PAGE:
Deciphering the more subtle choreography between pedestrians and drivers may help stem traffic deaths and provide guidance for engineers preparing self-driving vehicles.
The development of autonomous vehicles has been Domeyer's focus in research conducted first at the Massachusetts Institute of Technology and now at the University of Wisconsin, where he is studying how drivers and pedestrians signal their plans to each other.
His findings may enable engineers to someday address one of the more vexing aspects of autonomy — helping computer-controlled vehicles understand the intent of pedestrians and communicate their own planned actions.
Should those communications rely on traditional means, such as hand gestures and eye contact, then engineers must first understand how those work. While there's a wide belief those interactions depend on eye contact, that's not what Domeyer and his colleagues have found.
"Pedestrians actually look away about one second before they cross," he said. "There's a thing where they essentially say, 'I believe you, and I know you are going to stop, and I'll now look over here.' Which is unintuitive. In this case, it's the opposite of eye contact that's really important."
While pedestrians believe they make eye contact with the driver of an approaching vehicle, more than 90 percent cannot see a driver at all from 30 meters away — or determine their gaze from 15 meters away — according to an April 2019 report from Domeyer and other researchers at MIT's AgeLab.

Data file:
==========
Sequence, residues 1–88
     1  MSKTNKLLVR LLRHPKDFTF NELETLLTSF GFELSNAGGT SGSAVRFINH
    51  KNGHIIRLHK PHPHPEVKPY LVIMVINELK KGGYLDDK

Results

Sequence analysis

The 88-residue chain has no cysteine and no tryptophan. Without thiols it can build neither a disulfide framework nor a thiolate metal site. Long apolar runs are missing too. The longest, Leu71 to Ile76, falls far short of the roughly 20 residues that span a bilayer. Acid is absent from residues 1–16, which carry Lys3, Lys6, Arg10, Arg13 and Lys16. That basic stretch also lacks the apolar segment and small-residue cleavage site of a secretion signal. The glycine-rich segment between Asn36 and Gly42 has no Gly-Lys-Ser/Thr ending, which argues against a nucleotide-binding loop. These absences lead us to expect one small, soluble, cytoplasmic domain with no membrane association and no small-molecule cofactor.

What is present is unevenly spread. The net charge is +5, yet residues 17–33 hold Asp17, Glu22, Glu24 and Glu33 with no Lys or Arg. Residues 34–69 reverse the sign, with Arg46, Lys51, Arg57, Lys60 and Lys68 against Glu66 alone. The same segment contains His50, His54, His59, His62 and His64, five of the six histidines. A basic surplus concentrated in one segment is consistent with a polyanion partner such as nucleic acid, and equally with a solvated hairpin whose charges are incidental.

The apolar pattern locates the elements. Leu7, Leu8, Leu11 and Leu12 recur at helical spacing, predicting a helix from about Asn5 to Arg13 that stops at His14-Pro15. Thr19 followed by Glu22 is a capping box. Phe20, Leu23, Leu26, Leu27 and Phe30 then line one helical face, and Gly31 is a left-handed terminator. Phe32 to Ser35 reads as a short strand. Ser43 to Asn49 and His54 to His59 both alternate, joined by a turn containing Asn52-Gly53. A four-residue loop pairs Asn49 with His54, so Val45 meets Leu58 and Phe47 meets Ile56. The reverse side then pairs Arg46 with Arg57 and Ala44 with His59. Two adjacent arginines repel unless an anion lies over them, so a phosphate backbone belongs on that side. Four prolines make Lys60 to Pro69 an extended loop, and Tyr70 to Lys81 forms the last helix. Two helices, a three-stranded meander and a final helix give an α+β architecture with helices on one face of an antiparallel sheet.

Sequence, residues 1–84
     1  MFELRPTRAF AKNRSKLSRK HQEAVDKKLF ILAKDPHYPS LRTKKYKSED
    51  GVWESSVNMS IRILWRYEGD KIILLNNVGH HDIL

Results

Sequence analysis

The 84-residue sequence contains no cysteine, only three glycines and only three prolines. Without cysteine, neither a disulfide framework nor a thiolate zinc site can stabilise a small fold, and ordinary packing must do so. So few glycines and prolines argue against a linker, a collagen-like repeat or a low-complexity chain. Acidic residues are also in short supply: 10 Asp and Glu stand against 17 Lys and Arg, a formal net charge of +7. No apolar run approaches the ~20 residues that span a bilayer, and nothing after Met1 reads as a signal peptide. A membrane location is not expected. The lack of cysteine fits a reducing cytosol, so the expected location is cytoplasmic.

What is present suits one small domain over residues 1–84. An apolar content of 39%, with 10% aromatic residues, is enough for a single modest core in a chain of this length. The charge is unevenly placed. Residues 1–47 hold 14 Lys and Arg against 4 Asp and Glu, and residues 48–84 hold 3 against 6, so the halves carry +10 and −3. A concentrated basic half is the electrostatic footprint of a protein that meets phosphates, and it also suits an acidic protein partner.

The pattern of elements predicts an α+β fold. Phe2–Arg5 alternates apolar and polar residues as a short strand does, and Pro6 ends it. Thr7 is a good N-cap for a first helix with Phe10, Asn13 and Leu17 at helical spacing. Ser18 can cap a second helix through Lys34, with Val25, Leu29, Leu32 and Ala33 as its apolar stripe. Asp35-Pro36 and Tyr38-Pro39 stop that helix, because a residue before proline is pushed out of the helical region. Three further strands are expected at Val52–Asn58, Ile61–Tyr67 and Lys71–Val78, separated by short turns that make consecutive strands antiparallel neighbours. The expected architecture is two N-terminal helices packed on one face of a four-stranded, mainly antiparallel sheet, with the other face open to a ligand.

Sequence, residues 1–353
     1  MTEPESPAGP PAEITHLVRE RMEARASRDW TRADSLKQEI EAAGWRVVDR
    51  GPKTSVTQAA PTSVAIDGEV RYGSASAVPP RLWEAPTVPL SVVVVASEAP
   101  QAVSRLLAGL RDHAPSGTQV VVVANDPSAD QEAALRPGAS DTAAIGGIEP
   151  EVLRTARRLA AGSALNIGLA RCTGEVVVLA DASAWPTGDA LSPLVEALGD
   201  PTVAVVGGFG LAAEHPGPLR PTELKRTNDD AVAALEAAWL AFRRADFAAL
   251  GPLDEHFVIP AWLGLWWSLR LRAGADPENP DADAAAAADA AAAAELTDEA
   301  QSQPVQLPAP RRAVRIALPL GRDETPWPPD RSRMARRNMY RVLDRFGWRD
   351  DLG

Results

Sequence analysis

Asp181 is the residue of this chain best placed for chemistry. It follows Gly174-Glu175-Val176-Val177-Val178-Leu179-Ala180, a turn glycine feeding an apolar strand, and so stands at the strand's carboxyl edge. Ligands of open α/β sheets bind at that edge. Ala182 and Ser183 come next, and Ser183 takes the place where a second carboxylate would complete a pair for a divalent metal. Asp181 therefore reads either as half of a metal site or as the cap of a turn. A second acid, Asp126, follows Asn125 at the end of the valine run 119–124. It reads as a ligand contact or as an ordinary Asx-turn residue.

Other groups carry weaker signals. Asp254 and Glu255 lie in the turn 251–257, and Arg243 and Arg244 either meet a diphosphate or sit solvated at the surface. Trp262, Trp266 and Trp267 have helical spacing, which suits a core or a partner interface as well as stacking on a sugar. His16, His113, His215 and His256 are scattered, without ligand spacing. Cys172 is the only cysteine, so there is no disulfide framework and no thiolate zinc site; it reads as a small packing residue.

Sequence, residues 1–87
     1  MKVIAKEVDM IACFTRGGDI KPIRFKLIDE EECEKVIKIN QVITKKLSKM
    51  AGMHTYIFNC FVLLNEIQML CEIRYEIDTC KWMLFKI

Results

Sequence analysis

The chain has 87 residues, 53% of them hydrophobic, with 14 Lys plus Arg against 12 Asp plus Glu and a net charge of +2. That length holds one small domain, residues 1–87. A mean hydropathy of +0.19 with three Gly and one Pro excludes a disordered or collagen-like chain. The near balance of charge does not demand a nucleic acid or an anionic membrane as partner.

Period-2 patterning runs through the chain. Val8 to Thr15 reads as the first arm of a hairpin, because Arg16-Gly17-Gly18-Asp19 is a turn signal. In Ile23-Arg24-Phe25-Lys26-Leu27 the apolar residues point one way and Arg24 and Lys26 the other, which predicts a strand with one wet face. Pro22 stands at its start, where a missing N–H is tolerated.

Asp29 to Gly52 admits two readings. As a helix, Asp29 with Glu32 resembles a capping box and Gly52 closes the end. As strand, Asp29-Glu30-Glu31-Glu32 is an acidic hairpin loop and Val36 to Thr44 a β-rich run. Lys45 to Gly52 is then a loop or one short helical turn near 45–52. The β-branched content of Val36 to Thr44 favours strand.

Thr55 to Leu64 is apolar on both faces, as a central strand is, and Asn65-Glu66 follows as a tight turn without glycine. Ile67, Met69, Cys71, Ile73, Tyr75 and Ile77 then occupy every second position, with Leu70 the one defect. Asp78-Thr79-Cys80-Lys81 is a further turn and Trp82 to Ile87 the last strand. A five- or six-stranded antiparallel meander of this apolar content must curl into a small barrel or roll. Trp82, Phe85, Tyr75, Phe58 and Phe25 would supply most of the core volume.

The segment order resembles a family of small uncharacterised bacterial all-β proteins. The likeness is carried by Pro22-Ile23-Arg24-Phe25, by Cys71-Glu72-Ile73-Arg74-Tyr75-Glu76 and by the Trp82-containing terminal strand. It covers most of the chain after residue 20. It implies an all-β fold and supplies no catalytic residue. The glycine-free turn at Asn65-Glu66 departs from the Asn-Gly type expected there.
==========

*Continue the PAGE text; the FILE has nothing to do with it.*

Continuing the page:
That means a pedestrian's decision to cross is based more on perceived speed or deceleration of the vehicle.
In an automated-vehicle era, automakers and tech companies have experimented with ways to communicate an AV's intent to other road users. The now-defunct Drive.Ai installed external screens on its vans that would display messages such as "Waiting for you to cross." In February 2019, Ford Motor Co. tested how pedestrians responded to a roof-mounted light bar that projected visual cues.
But overall, figuring out how AVs should best communicate with others remains a fledgling endeavor.
At Wisconsin, Domeyer has analyzed pedestrian-vehicle interactions from a car's perspective. He's examining videos and Controller Area Network bus data to measure vehicle deceleration profiles and how they influence pedestrian activity.
Once he understands what constitutes "good" communication, he hopes his research can someday help software engineers write better control algorithms to allow self-driving cars to physically manifest proper communication. Overall, that underscores the complexity of these relationships.
"It's not getting the thing to navigate around an object," he said. "It involves people, and thus, there's a social component, and you can't dismiss things like politeness and fairness when we are talking about technologies that affect people's lives."